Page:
VAUXHALL is again facing calls from owners to explain why its vehicles have caught fire, after Corsa owners reported their cars had burst into flames. Owners of the fourth-gene ration Vauxhall Corsa D, built between 2006 and 2014, reported cases of the vehicle catching fire, prompting a recall of 2,767 cars in April. The maker identified a fault with the braking system in some 1,4-litre petrol models where water could leak in and fry electronics. However, now more owners have come forward, including some who fell outside the initial recall criteria.
This has prompted calls for a wider investigation into the 700.000 Corsa D models sold in total.
Although the matter was unrelated in cause, Vauxhall was forced to twice recall 234,938 Zafira B models in the UK after a spate of fires, once in 2015 and then again earlier this year. And in 2007, Vauxhall also recalled 200.000 Corsa C models built between 200 3 and 2005 over a fire risk, after an attempted fix to a short circuit in the anti-lock braking system failed to cure the fault.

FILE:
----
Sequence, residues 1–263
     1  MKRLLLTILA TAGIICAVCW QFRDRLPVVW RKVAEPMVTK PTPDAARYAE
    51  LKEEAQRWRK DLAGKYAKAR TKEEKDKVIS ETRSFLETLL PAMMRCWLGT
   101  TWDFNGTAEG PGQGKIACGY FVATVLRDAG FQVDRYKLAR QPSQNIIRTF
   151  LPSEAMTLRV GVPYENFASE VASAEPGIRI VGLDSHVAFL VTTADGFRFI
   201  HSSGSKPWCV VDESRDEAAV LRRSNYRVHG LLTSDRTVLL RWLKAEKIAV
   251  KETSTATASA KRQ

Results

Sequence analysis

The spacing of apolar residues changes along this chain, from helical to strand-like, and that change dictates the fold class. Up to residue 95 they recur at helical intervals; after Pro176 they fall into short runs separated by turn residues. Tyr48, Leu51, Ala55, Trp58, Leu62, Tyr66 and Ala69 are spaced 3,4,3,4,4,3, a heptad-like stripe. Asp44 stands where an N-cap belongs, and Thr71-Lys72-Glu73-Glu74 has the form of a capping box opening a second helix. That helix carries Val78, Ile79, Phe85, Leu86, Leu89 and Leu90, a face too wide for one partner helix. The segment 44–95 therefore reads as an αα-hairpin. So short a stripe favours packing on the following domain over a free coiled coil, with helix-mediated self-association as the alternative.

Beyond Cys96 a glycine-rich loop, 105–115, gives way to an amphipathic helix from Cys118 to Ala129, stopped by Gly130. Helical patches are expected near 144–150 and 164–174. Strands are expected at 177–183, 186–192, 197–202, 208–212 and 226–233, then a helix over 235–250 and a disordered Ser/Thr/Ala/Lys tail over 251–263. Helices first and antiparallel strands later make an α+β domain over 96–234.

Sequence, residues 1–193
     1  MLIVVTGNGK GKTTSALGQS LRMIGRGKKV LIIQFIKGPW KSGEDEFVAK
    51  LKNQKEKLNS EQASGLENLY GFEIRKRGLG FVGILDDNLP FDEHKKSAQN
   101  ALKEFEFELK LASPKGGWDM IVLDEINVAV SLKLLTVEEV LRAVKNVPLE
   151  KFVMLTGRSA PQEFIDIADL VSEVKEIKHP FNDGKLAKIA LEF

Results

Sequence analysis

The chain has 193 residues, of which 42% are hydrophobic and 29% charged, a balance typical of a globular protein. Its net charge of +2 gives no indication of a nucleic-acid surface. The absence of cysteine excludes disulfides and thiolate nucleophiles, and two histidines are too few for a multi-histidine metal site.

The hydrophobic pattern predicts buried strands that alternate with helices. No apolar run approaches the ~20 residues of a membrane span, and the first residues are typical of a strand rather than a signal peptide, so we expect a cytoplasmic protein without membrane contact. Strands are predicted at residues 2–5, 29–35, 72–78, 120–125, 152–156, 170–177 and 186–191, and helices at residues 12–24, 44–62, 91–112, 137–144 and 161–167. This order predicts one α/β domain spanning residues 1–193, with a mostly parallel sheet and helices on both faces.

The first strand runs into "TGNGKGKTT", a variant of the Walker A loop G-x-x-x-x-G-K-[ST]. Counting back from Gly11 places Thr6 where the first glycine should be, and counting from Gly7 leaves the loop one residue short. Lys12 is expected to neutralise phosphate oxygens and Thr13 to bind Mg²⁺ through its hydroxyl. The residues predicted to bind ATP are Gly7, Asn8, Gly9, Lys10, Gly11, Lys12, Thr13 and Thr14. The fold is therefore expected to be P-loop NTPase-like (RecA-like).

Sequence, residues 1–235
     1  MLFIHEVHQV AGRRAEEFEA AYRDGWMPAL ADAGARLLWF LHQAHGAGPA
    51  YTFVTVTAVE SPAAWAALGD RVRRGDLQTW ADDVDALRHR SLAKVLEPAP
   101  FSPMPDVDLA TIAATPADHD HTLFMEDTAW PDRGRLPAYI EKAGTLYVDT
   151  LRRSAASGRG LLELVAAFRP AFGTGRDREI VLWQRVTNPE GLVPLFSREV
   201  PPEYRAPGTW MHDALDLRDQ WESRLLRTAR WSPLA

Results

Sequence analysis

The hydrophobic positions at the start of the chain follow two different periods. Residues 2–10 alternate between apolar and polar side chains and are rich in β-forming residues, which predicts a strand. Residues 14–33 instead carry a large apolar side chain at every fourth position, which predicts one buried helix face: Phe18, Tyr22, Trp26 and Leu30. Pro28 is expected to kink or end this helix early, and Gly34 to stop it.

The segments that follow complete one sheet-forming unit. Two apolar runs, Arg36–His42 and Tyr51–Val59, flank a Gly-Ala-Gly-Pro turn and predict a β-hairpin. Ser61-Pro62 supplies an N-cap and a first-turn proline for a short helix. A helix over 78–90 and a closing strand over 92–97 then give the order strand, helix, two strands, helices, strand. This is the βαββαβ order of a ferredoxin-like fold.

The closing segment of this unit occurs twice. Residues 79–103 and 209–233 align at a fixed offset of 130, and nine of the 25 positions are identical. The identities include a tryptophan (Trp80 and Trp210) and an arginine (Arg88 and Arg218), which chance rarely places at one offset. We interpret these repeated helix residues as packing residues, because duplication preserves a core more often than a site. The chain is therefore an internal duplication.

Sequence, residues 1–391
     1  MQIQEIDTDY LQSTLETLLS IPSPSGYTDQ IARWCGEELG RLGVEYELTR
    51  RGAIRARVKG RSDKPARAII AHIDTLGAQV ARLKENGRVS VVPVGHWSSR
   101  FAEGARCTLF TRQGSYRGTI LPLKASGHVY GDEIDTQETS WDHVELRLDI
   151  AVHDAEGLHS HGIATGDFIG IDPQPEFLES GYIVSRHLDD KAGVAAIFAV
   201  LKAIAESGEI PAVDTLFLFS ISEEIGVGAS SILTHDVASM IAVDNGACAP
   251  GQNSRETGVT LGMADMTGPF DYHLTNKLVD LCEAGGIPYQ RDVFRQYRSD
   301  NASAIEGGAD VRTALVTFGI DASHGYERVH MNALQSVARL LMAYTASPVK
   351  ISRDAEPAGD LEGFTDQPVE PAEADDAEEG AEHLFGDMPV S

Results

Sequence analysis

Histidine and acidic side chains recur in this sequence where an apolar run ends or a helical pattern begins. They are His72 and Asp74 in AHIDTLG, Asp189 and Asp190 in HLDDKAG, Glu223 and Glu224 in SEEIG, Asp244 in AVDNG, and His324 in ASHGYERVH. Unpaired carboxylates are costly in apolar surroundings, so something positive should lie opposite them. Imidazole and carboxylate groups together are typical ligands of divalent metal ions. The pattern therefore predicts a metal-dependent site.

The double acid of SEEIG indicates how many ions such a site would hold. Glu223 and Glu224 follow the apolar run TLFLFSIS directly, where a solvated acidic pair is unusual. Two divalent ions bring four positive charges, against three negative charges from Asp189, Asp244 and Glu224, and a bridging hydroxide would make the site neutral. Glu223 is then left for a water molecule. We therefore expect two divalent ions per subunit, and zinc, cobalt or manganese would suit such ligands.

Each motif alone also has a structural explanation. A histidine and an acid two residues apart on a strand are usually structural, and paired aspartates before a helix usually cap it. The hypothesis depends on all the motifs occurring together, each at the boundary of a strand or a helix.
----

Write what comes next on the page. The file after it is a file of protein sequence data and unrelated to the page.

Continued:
In January 2016, Auto Express reported on a 1,4-litre Corsa D owner finding their car ablaze late at night after it had been parked on the driveway for hours. At the time, Vauxhall said it could not investigate the matter as “the car belonged to the insurance company”. With fire cases, insurers will often take ownership of the vehicle and launch their own investigation, leaving manufacturers unable to analyse the vehicle themselves.
In the wake of the latest recall, Vauxhall said it “takes any report of fire very seriously” and would prefer to conduct a joint investigation with insurers, but “for a variety of reasons this is not always possible”. A spokesman added: “Customer safety is of the utmost importance. Fires can occur for a wide variety of reasons an d it’s worth noting that, on average, there are 18,000 vehicle fires a year across all makers in the U K, It is estimated there are around 35 million vehicles registered in the UK.”